The Lyoplant® is a biocompatible mesh which is acellular and avascular type I collagen derived from bovine pericardium. It has been widely used in neurosurgery for reconstructing dura defects and even in urinary bladder augmentation [14]. According to previous studies, it has several advantages for tissue regeneration and bioscaffold which are biocompatibility, absorbability, mechanical stability in order to guarantee the consistency even under abdominal pressure, support of regeneration and cell proliferation [15]. In addition, previous animal study demonstrated that Lyoplant® had sustained support for 5 weeks and cell regeneration achieved around Lyoplant® [14]. Thus, we chose Lyoplant® as bioscaffold material to reconstruct NSP, and we could not experience complication associated with this material.
Our technique of turbinate mucosa graft with Lyoplant® bioscaffold could offer several advantages. It is not as technically challenging and could make shorter surgery time. In addition, mucosa sutured Lyoplant® bioscaffold could prevent mucosa graft from escaping and shrinkage. Since the mucosa graft is spread and fixed to the Lyoplant® as much as possible, nasal obstruction due to abundant tissue could be prevented, and it is easy to fix on the correct perforation site.
In conclusion, turbinate mucosa sutured Lyoplant® bioscaffold is the effective methods for the repair of NSP in selected patients. It provides easier surgical technique without complication.


Conflicts of Interest

The authors have no potential conflicts of interest to disclose.

Author Contributions

Conceptualization: Nayeon Choi, Jae Hyuk Choi, Jeong Hong Kim. Data curation: Hee Jun Yi, Jaeyeop Sim, Nayeon Choi. Formal analysis: Hee Jun Yi, Jae Hyuk Choi, Nayeon Choi. Methodology: Hee Jun Yi, Jae Hyuk Choi, Nayeon Choi, Jeong Hong Kim. Project administration: Jeong Hong Kim. Visualization: Nayeon Choi, Jeong Hong Kim. Writing—original draft: Hee Jun Yi, Jaeyeop Sim, Nayeon Choi, Jeong Hong Kim. Writing—review & editing: Nayeon Choi, Jae Hyuk Choi, Jeong Hong Kim.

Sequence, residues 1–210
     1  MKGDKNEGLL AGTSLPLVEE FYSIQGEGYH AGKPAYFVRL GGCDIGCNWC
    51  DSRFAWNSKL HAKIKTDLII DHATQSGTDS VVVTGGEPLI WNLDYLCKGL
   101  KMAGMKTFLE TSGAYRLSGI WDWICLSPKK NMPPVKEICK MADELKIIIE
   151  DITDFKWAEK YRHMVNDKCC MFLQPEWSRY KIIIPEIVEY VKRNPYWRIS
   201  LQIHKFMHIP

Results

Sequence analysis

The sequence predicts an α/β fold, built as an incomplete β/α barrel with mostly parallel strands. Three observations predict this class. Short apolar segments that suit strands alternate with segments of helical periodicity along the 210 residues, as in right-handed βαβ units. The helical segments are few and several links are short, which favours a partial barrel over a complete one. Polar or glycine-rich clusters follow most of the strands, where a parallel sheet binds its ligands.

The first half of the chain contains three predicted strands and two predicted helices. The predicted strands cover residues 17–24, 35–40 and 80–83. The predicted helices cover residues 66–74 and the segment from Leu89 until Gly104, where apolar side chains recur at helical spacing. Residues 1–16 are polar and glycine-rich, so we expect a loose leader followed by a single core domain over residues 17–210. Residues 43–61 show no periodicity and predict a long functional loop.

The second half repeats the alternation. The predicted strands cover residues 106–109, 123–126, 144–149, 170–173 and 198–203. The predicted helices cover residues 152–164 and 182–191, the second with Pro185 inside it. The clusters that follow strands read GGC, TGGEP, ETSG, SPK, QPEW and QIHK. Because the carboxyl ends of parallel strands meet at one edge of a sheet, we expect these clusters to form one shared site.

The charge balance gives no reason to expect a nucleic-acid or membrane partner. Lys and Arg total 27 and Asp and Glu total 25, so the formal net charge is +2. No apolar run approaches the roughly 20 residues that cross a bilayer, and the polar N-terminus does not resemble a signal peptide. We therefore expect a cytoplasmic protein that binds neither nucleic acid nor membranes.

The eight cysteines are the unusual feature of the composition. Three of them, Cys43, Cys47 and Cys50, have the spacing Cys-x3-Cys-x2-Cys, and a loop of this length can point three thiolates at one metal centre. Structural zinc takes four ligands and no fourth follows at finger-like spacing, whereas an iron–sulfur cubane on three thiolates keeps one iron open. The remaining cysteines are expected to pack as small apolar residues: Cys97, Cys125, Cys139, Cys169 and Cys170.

Funding Statement


Fig. 1.
Endonasal repair of NSP. A: 3 mm sized NSP at caudal end of cartilaginous septum. B: Harvest of nasal mucosa from middle turbinate. C: Fixation of mucosa at the Lyoplant® scaffold. D: Subperichondrial flap elevation and placement of free mucosal graft with bioscaffold. E, F: Endoscopic view of bilateral nasal cavity after the end of NSP repair. NSP, nasal septal perforation.
Fig. 2.
Illustration of endonasal septal perforation repair with free mucosal graft with Lyoplant® bioscaffold.
Fig. 3.
The preoperative and postoperative endoscopic views of septal perforation repair by free mucosal graft with Lyoplant® bioscaffold in 4 cases. A, D, G, J: Preoperative endoscopic view of nasal septal perforation (NSP) of enrolled patients. B, E, H, K: 2 weeks after the repair of NSP. C, F, I, L: Healed NSP at 3 months after surgery.